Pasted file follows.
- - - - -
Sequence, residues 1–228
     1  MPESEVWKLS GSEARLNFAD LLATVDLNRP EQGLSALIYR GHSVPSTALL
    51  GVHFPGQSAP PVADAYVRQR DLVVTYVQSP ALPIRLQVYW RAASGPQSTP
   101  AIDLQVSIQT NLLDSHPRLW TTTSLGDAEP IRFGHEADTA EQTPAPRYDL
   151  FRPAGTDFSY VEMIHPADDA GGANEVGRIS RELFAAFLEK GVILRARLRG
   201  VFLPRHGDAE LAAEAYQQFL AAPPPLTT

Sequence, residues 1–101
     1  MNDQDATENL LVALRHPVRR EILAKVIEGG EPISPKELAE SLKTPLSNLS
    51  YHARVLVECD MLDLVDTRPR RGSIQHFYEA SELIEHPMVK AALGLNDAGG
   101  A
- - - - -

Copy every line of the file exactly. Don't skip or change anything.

Sequence, residues 1–228
     1  MPESEVWKLS GSEARLNFAD LLATVDLNRP EQGLSALIYR GHSVPSTALL
    51  GVHFPGQSAP PVADAYVRQR DLVVTYVQSP ALPIRLQVYW RAASGPQSTP
   101  AIDLQVSIQT NLLDSHPRLW TTTSLGDAEP IRFGHEADTA EQTPAPRYDL
   151  FRPAGTDFSY VEMIHPADDA GGANEVGRIS RELFAAFLEK GVILRARLRG
   201  VFLPRHGDAE LAAEAYQQFL AAPPPLTT

Sequence, residues 1–101
     1  MNDQDATENL LVALRHPVRR EILAKVIEGG EPISPKELAE SLKTPLSNLS
    51  YHARVLVECD MLDLVDTRPR RGSIQHFYEA SELIEHPMVK AALGLNDAGG
   101  A